There are many universities – for example, Columbia University and NYU here in New York City – who assume all persons on campus are authorized visitors, faculty, staff or students and therefore do not check ID’s and allow the general public free run of the campus at all hours of the day and night.
    Considering that this is the case, a person working late at night in a deserted area of the campus does have an affirmative duty to take great care to protect his/her life, person and property – and that would include locking themselves in the laboratory they are working in, to protect themselves from harm.
    So, really, in both these cases, I think the women who are suing those institutions are in the wrong and are going after deep pockets (or, in the Carleton University case, where the attacker was never caught, going after the only pocket available).
    Bottom line, suing innocent third parties just because they have a lot of money is not going to stop rape.

  26. bifemmefatale
    Posted August 15, 2009 at 5:28 pm | Permalink

    Fuck that–I want businesspeople to start prioritizing right action over profits once in a while. Prioritizing profits over ethics is what brought down the whole world economy a few short months ago.

  27. vhs
    Posted August 16, 2009 at 4:12 pm | Permalink

    This is not a criminal trial. This is not a rape trial. It is not a trial about who was the rapist. The claim here is that the owners and providers of these facilities were somehow legally responsible for preventing the rapes that occurred, and did not live up to this responsibility. So, as others have already pointed out, the statement “place the blame with the rapist” is somewhat misplaced here, because that is not what these trials are about at all – the trials are about placing the blame with the owners of the property where the rape occured, NOT with the rapist.
    Now, it might be that the owners of the property did have some legal responsibility for securing the premises, and that the users of the facilities who were victimized by the perpetrator had a (legally binding) expectation of the facilities to be secure. In that case, the trials do make sense, even though they are actually about placing the blame at someone who is not the rapist. But in that case it also – unfortunately – makes sense for the defenders to claim that they did provide the necessary security but that no “product” is ever fool-proof. This trial is not about who committed a rape, but about whether the companies’ product (a secured environment) was good enough – it is a normal defense in that kind of cases to claim that the user of the product showed “negligence” in the use of it, and that the manufacturers are therefore not to blame.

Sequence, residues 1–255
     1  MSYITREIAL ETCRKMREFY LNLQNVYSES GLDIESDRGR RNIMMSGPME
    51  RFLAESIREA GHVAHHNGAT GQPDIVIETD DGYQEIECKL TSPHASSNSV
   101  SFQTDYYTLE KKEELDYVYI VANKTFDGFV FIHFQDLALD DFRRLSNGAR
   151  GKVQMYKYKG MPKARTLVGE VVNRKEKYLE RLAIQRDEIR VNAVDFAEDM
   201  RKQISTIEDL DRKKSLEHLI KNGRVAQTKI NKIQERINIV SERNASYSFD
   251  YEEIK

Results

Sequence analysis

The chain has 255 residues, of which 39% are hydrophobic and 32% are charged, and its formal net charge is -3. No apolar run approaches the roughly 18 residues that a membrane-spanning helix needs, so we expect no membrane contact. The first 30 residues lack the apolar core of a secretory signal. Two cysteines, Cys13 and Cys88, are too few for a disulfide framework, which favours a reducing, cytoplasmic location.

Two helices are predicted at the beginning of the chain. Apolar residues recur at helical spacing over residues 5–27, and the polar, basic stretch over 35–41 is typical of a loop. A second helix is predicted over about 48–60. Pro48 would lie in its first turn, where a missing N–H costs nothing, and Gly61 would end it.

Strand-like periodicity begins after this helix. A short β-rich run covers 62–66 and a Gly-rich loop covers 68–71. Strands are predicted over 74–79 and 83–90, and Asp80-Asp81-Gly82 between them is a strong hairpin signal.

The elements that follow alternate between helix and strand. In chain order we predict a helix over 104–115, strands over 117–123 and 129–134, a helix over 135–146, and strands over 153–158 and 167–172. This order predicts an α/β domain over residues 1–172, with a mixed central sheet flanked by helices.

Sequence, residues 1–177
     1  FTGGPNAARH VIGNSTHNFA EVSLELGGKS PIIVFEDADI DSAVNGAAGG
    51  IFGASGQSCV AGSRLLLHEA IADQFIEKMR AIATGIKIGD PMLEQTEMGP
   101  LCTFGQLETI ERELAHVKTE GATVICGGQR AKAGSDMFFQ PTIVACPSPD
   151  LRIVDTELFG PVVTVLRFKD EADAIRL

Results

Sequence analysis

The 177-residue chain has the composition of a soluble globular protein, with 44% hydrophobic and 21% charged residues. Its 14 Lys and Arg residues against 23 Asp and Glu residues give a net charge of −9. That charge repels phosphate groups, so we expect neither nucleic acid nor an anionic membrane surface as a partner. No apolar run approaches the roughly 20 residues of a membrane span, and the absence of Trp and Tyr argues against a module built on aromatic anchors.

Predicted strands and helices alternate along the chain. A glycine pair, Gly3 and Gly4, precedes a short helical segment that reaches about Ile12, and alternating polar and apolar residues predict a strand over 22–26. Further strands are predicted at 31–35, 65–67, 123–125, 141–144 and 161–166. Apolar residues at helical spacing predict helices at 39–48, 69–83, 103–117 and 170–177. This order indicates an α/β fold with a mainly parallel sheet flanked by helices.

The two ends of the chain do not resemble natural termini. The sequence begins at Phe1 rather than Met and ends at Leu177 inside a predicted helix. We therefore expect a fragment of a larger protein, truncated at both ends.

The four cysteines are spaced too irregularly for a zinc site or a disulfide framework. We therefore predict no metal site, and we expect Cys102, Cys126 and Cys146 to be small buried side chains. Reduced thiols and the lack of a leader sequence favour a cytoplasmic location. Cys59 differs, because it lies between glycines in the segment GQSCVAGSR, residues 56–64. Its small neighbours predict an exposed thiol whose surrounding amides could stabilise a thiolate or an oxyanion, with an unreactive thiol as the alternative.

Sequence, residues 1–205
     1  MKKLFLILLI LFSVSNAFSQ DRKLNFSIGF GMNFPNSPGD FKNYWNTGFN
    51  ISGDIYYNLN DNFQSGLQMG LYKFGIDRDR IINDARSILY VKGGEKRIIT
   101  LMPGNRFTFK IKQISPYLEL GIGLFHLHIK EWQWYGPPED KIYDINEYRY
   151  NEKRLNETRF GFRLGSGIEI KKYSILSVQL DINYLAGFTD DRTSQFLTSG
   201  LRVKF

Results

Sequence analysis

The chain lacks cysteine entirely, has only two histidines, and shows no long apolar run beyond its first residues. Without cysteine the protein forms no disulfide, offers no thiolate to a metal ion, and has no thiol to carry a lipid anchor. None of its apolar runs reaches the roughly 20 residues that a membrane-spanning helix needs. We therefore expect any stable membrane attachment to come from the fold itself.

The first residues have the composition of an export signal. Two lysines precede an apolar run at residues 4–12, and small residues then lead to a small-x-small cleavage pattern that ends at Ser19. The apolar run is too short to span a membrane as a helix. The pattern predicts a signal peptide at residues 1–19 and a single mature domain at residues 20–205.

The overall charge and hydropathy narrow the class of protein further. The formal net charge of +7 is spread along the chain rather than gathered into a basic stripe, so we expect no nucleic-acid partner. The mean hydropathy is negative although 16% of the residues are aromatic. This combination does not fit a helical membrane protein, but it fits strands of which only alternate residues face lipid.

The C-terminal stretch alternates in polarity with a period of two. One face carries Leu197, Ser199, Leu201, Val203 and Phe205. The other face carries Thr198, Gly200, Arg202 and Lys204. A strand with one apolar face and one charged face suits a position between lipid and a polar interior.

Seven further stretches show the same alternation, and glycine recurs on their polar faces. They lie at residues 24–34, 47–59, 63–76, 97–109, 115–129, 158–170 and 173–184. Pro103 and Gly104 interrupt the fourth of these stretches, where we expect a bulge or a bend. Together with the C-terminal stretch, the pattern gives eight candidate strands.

This sucks. Of course it does. But notice please, that that is the nature of a civil law-suit against a third party. The law-suit is not against the rapist. Blaming the rapist is not an option here. The rape-victims are not blaming the rapist in these trials, they are blaming third-parties. Now, they might be totally justified in doing so, but in that kind of trial the defenders do not have the option of blaming someone who in this trial is a third-party (the rapist). They do not have a case where they can say: “but it wasn’t us, it was the rapists”. They are on trial for not delivering a perfect product and the task of their laywers is to show that the product was in fact as good as it can be when used according to instructions. In that trial their defense is to prove that the plaintiff used their product with negligence – they do not have the option of blaming the rapist because that is not what is on trial. The trials are not about the rapists!
    This sucks, but that is the unfortunate structure of that kind of trial – and the lawyers of the plaintiffs are also working within that framework. The rapists are not on trial here. There is no question of blaming the rapist. That is a misunderstanding of the nature of those trials, and the lawyers would be bad at their job if they went that way. Yes it sucks, and yes it’s wrong. But that’s the nature of law-suits against third parties in this legal system.

  28. BitterBitch
    Posted August 17, 2009 at 3:07 am | Permalink
  29. Naught
    Posted August 17, 2009 at 9:38 am | Permalink

    I agree, the fawning media attitude towards the attackers made me want to puke. My “favorite” part of it (not that the media had time to bring it up) is that Therese Ziemann is also married, and spent over $4000 of her husband’s SS disability money on this while their home is near foreclosure. Yay, hypocrisy.

  30. abyss2hope
    Posted August 18, 2009 at 11:25 am | Permalink

    I disagree with your view of attorney ethics. An attorney who believes in doing “whatever he/she has to do to defend his/her client” can easily cross the line and become an unethical lawyer. Your definition of ethical obligations actually encourages unethical practices as long as those harmed by the unethical behavior are not that attorney’s clients.
    Private litigators can be as unethical in their approach to a case as a prosecutor can be. Doing “whatever he/she has to do” implies setting aside ethics as long as the goal of the case is met. Most people get that it is not okay when a prosecutor does “whatever he/she has to do” but fail to get that ethics works both ways.
    This reportedly happened in a Louisiana case where a father was accused of raping his minor daughter. Attorneys John Stocksill and Daniel Stanford have been accused of “improper contact with an opposing witness” due to their interaction with the victim in this case.